Telecommunications Primer for Folks with Hearing Loss
By Marjie Page
Editor: This article was actually a reply to a question someone asked on one of the hearing loss lists, and I thought that information this good has to be shared! So I asked Marjie’s permission, and she graciously agreed. Those who can attend an ALDA Suncoast meeting can visit with Marjie in person!
Broadband internet enables you to use Video IP Relay (you sign to the operator and they sign back). Several different companies provide these services, you don’t even need a tty. If you want VCO (IP or Video IP), I don’t see why you couldn’t use the cell phone for that, you give the relay operator the number you want them to call for the voice portion, as long as you have 3-way calling, it should work (you, the operator and the other party). You can voice and the operator types back or you can voice and the operator signs back.
For voice to voice calls, you could get a loop to work with t-coils on almost any cell phone, some use adapters, some plug directly into a 2.5mm port on your phone, they all have a microphone inline. Nokia makes one compatible only with their phones, they also make one that is compatible with any phone having a 2.5mm plug. Motorola makes one. Test before you buy. You could get a HATIS, it’s like a silhouette that works with your t-switch, works great but expensive and not very durable, you will be replacing it fairly often if you use it a lot. You could upgrade your FM system to the new Phonak that uses Bluetooth and get any Bluetooth enabled phone to use with it. I haven’t the resources to test to see if the wireless connection provides clear sound, but Phonak has a great reputation for quality products. There is a long list of hearing aid compatible cell phones too. (Sorry, I don’t have that list). Ask to use the phones at your provider’s store before you buy and see which works best for you.
I use a SideKick (available only from T-Mobile and another company in California). It has the ability to use relay from Sprint and MCI with the terminal program, to use MCI relay from the AOL Instant Messenger program or use Lormar Relay from IM (to voice is free, to tty for a fee and people can call in where the other relay services are only outgoing). This is really a better phone for data and web, not for voice. I can use voice on it for an emergency call or familiar voices (my husband who doesn’t mind repeating often) if I max out the volume and remove my hearing aid (the current model is not hearing aid compatible, they say the next model will be more accessible). The ear I use for the phone has a severe loss.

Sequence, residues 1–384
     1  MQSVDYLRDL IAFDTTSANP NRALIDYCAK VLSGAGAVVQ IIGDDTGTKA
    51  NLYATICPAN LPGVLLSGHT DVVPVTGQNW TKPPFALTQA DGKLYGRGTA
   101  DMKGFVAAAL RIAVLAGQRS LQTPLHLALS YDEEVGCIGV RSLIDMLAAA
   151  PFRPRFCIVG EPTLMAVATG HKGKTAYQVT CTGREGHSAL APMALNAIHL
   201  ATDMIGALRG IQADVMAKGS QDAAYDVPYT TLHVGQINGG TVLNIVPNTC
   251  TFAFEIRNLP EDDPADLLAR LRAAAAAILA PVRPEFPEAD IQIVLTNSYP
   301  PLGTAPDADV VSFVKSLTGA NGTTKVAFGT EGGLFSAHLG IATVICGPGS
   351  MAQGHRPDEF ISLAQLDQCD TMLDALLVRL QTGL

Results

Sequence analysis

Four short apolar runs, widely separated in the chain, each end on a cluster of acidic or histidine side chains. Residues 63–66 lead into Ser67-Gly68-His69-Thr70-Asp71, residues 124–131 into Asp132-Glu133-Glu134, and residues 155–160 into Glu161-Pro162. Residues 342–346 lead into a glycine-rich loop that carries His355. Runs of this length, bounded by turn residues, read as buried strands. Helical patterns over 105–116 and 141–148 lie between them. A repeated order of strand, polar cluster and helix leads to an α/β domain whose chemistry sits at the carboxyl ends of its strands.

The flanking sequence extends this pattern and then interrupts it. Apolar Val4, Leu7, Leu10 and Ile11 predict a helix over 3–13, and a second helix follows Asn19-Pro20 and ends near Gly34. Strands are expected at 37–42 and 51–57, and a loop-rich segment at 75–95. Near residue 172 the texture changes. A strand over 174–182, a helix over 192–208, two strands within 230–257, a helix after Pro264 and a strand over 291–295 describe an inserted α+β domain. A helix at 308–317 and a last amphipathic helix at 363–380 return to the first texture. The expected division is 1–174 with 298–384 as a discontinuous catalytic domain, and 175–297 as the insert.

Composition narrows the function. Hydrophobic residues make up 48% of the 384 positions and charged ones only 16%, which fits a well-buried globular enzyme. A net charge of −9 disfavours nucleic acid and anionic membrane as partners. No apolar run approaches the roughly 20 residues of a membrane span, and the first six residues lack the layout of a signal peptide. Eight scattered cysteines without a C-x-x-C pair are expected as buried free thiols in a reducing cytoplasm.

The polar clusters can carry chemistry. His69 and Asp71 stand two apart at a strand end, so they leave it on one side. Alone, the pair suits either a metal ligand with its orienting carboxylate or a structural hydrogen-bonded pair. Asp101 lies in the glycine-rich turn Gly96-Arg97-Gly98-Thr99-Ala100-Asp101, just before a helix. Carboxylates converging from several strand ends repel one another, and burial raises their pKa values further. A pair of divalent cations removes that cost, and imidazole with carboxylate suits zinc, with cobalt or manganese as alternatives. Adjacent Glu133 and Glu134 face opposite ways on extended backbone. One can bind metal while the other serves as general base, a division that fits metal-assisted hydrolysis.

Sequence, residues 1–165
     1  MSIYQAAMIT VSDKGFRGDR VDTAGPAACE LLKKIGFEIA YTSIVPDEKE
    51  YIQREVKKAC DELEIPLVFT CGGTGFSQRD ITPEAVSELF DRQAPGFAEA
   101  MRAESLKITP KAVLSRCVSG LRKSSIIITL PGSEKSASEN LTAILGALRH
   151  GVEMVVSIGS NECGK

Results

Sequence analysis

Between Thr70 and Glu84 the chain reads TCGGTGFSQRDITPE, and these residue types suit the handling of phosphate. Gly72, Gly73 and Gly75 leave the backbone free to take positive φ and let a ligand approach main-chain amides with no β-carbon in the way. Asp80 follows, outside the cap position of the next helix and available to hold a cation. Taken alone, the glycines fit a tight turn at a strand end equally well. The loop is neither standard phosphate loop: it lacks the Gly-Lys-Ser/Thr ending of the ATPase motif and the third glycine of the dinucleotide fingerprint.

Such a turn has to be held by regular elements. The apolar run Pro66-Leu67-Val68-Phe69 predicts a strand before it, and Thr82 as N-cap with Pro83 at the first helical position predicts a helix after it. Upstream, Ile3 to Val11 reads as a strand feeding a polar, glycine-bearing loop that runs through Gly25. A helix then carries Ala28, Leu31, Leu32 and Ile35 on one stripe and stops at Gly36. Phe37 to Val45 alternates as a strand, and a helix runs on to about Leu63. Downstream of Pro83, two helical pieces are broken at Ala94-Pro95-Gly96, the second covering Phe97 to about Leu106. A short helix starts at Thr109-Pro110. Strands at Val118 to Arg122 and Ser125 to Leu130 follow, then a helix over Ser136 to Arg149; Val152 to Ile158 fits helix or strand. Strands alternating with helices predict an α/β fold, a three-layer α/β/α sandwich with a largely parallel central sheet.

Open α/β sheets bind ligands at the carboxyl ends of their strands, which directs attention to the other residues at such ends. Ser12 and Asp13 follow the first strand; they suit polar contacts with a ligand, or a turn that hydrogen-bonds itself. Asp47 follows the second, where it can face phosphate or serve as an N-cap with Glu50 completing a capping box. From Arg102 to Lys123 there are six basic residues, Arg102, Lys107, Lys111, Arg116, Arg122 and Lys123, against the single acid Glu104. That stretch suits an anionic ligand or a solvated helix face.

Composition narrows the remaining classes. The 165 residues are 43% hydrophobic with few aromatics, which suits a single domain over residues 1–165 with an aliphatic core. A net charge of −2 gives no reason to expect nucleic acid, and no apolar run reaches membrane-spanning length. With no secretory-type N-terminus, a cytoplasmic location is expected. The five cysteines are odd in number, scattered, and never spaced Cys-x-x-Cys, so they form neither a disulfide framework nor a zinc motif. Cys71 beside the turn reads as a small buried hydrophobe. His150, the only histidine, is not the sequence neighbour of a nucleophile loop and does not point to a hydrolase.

I prefer VCO, but no phone can provide that alone yet and I don’t want to carry around an additional device.
Any device (phone, pager, pda) that has AOL Instant Messenger can use the IM Relay services.
You could use a Pocket Speak and Read VCO with almost any phone (hit and miss). Use it with the direct connect feature with a TTY compatible cell phone. This would work for both outgoing and incoming calls (through relay of course).
If you want to use a TTY, the cell phones below are all supposed to be TTY compatible, some may no longer be available. You would need a TTY that says it is digital phone compatible, like a Compact-C, Pocket TTY or Q90. According to the FCC, all cellphone models manufactured starting in the year 2003 are required to be TTY-compatible, but test before you buy.
The Nokias all require an adapter (at additional cost < $10). The Yiso isn’t a phone, more like a modem, but it can make calls when connected to another device (like a TTY or laptop). Some of these phones have J2ME, Java 2 Micro Edition, I have not heard if this makes them compatible with IP-relay though. Ask the online Relay providers for information, they are adding and improving services almost every day.
I suggest you search the web for the brand and model to see features, who the carriers are and which carriers offer the service required for using the tty feature (all carriers do not support all tty enabled phones, just because they have it, doesn’t mean it works for ttys on their network). I provided phone numbers for customer service of the manufacturers when available.
6800 with HDA-9 TTY adapter
6590 with HDA-9 TTY adapter
6590i with HDA-9 TTY adapter
6360 with HDA-8 TTY adapter
6340 with HDA-8 TTY adapter
3660 with HDA-9 TTY adapter
3650 with HDA-9 TTY adapter
3620 with HDA-9 TTY adapter
3600 with HDA-9 TTY adapter
3595 with HDA-9 TTY adapter
3590 with HDA-9 TTY adapter
3560 with HDA-9 TTY adapter
3520 with HDA-9 TTY adapter
3361 with HDA-9 TTY adapter
3360 with HDA-9 TTY adapter
3300 with HDA-9 TTY adapter
3200 with HDA-9 TTY adapter
3100 with HDA-9 TTY adapter
2260 with HDA-9 TTY adapter
1261 with HDA-9 TTY adapter
1260 with HDA-9 TTY adapter
1221 with HDA-9 TTY adapter
1100 with HAD-9 TTY adapter
Motorola (TTY phone number 888-390-6456)
Kyocera (TTY phone number 858-882-3858, is now saying all their phones have standard feature of tty compatibility)
Samsung (Hidden Menus to Enable/Disable TTY capability, not easily figured out)
PCS Connection Card